“With science itself there can be no quarrel. Scientism is another matter. Whereas science is positive, contenting itself with reporting what it discovers, scientism is negative. It goes beyond the actual findings of science to deny that other approaches to knowledge are valid and other truths are true. In doing so it deserts science in favor of metaphysics–bad metaphysics, as it happens, for as the contention that there are no truths save those of science is not itself a scientific truth, in affirming it scientism contradicts itself. It also carries marks of a religion–a secular religion, resulting from overextrapolation from science, that has seldom numbered great scientists among its votaries” (p. 16-17).
Smith’s words shed light upon some the issues raised by the critics of the band tee shirts. These folks were concerned about a secular religion being promoted (scientism, or metaphysical materialism). But they confused scientism with science. Science is a wonderful, vitally important thing that should be taught in public schools and more widely appreciated and understood by the general public. (In fact, the tee shirts don’t even represent current science, which no longer posits such a linear progress of species development.)
Let me make a slight turn here and bring in material from a yet-to-be-published book I’ve written about the Bible. People who worry about the contradiction between science and the Bible usually focus upon Genesis 1. But actually the Bible has numerous “unscientific” words about the nature of reality. Exodus 20:4, for instance, depicts a three-tiered cosmos; Ps. 24:2 and Ps. 136:6 depicts the earth as founded upon seas; 2 Samuel 22:8 says that the earth is set upon foundations; 1 Samuel 2:8 talk about the pillars on which the earth is set. Leviticus 11:13 and 19 lists bats among kinds of birds. Must we assume all these images are literal truth? If we defend them as metaphorical, well … we’ve immediately acknowledged that the Bible contains passages that are not literal but metaphorical and poetic truth.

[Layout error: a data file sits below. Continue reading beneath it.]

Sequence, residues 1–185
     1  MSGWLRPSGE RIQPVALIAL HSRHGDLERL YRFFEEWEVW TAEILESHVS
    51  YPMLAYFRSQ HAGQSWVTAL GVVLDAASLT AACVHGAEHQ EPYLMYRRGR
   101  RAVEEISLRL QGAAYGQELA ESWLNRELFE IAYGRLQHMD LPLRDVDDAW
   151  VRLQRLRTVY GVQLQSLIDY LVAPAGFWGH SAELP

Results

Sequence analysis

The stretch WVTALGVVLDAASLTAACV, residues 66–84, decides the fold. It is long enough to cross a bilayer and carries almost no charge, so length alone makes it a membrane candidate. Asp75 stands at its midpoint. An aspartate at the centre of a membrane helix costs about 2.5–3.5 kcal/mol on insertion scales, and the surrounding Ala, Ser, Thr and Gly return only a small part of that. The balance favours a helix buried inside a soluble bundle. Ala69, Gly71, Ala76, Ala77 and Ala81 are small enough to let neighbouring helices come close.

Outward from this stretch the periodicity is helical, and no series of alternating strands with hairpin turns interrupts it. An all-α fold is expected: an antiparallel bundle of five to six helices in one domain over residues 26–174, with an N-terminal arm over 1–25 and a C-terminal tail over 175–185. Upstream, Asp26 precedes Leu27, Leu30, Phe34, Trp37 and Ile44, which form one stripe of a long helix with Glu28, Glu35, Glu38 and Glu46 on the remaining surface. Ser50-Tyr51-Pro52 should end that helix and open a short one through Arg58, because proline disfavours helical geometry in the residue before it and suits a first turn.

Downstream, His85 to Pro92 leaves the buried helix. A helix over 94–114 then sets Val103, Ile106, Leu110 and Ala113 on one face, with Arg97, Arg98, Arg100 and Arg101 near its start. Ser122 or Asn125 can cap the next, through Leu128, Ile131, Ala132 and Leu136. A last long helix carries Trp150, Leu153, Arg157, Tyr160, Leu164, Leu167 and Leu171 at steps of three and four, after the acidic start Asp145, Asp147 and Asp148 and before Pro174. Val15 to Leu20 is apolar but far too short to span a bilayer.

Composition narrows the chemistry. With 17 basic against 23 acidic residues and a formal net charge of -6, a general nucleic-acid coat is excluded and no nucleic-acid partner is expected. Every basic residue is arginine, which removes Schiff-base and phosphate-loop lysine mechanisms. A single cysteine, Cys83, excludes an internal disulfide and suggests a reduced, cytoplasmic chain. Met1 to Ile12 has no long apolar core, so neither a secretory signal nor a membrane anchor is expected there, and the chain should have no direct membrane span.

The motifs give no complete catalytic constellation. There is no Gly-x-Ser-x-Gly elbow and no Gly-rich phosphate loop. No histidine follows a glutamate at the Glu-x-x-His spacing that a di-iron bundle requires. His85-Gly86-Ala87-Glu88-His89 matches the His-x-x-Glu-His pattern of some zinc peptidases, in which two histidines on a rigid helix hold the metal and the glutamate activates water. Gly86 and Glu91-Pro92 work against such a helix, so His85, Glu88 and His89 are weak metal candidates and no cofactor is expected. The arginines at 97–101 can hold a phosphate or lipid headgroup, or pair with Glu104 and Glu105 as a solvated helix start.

Scoffers at biblical truth would zero in passages such as these in order to discredit religious belief. But religious people, too, must defend the truth of the scriptures in spite of the ancient world view that the Bible reflects.
Both defenders of biblical inerrancy and scoffers at biblical truth make a similar mistake in reasoning: if the Bible has errors, then the whole Bible is discredited. But God cannot lie (Hebrews 6:18, Titus 1:2) and the whole Bible is true.
That is a false choice. We don’t typically make such distinctions. For instance, I made an unintentional error in a history book that I wrote back in the 1980s. I made an informed conclusion but new information emerged later. I made the mistake because my human knowledge is incomplete, but that doesn’t mean my whole book was a lie, or that I’m a liar, or that I need to explain my error through artificial arguments.
The Dutch theologian G. C. Berkouwer argues that we shouldn‘t confuse error in the sense of incorrect knowledge, and error in the sense of deception and sin. Limited as they were by their historical and cultural circumstances, the biblical authors has far less knowledge of science than we do. But we cannot thereby call them “liars” or deny that the Holy Spirit inspired them. As Berkouwer notes, when the definition of “error” is so formalized, “the relationship of the organic, God-breathed character to the organic unity and scope of the total testimony of Scripture is almost totally ignored.” 
Berkouwer, a conservative and very biblically-based Calvinist theologian, writes that we can safely recognize the historical development and time-bound character of the Bible writers. Therefore, when we encounter in the Bible ancient and “outdated” views of the cosmos, we shouldn’t worry that we’re “selling out” the Bible to science when we recognize the Bible’s ancient cultural origins, nor do we have to declare the Bible wholly false if the scientific discoveries do not conform to biblical details. What is needed, he believes, is a “naturalness” on our parts to witness to the reliability and authority of the Bible in its overall purpose as a God-breathed witness to God—not a science book.
Berkouwer cautions that ideas of biblical inerrancy shouldn’t be ridiculed, only that its application be examined so that the sincere desire to uphold scriptural authority should not damage that authority rather than advancing it.
2. G. C. Berkouwer, Studies in Dogmatics: Holy Scripture, (Grand Rapids: Eerdmanns, 1975), pp. 181-183 (quote on p. 182).